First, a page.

When I had the opportunity to serve as a school leader, I was blessed to never have to experience a teachers’ strike. As far as preparation for a job a principal, I can’t imagine any university program or state department of education training that could prepare a principal for the tenuous situation she finds herself during a teachers’ strike.
The situation for the students of Chicago Public Schools is very sad. All the grown-ups have been struggling to come to any agreement on key issues, and ultimately, students lose precious days of education as this continued through the week. Principals have the responsibility to oversee any students who do attend school within a program provided (in this case, the Children First programs located at approximately 144 of Chicago’s schools) and the grown-ups who are brought in to work with the students. If a strike continues for more than a few days, principals need to make plans to provide structure and education for students on a longer term basis. Finally, principals are expected to publically support the district administration and the board of education. This expectation is in stark contrast to what good principals work to do on a daily basis – build positive relationships with all staff members.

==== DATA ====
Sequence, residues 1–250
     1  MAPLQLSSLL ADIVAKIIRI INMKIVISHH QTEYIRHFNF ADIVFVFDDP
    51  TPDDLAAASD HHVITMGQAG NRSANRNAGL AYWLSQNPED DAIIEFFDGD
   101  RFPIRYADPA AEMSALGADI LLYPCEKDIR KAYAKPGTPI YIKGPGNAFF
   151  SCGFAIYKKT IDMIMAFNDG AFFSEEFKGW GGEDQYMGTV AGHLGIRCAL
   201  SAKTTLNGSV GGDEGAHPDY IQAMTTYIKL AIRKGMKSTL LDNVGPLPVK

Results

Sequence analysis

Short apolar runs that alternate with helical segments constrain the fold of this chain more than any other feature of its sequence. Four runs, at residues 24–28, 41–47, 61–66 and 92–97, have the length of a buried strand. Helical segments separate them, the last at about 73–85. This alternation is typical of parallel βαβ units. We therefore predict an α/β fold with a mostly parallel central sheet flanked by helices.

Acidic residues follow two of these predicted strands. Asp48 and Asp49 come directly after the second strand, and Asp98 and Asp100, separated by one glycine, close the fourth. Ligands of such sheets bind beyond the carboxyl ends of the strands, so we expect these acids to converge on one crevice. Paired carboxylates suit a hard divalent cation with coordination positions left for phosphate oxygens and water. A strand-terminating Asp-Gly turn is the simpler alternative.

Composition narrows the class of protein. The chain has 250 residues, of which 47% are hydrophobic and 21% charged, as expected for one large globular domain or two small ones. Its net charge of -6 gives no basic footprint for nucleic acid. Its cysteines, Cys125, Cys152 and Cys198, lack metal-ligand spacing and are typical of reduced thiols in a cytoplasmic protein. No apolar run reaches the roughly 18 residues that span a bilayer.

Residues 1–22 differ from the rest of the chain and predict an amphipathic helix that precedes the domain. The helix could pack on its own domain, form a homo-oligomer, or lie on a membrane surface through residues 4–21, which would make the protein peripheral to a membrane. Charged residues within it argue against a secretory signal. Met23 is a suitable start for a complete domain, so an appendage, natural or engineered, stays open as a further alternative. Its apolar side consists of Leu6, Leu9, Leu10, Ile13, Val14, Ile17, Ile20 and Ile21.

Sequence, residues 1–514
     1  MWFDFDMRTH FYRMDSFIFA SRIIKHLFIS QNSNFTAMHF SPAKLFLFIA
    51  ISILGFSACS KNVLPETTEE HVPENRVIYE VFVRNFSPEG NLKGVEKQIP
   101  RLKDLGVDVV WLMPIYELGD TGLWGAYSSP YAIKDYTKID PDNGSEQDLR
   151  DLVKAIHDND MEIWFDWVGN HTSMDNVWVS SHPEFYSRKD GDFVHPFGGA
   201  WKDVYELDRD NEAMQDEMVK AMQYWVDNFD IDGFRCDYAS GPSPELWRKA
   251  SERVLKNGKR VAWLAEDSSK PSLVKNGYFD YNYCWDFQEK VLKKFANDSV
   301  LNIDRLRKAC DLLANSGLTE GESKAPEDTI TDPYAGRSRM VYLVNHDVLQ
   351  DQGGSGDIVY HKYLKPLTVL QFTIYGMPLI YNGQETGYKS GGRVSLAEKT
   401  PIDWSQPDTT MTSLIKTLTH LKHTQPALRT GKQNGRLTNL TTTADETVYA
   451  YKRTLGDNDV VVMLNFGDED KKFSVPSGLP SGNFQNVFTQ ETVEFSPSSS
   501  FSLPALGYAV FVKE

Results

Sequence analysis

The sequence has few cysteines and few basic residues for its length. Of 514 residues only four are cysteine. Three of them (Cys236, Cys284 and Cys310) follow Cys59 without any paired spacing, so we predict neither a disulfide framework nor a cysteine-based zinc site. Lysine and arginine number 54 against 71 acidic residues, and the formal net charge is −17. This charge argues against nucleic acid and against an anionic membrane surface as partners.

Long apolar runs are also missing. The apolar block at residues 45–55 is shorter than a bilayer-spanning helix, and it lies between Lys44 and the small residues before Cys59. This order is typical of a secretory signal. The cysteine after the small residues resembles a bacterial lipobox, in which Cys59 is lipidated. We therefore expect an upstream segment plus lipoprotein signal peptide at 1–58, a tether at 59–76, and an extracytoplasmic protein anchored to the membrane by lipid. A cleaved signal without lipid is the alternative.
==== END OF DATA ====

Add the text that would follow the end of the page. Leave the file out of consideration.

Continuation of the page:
I read in one of the many articles (Sawchuck, 2012) about the ongoing strike about a principal, Lee Jackson, who walked outside his building with a smile for his picketing teachers to ask how they were and if he could do anything for them. While still maintaining the program within his building, he continued to show a level of care and concern for his teachers that prompted genuine and mutual respect for people who have to be on “different sides” of this issue. I believe this is a perfect example of a principal demonstrating moral leadership and is more likely to have an easier time returning to “normal” upon his teachers’ return to work.
Sawchuck, S. (2012, September 11). Waiting game: Inside a Chicago ‘Children First’ school [Web log post]. Retrieved from http://blogs.edweek.org/edweek/teacherbeat/2012/09/inside_a_chicago_children_first_school.html.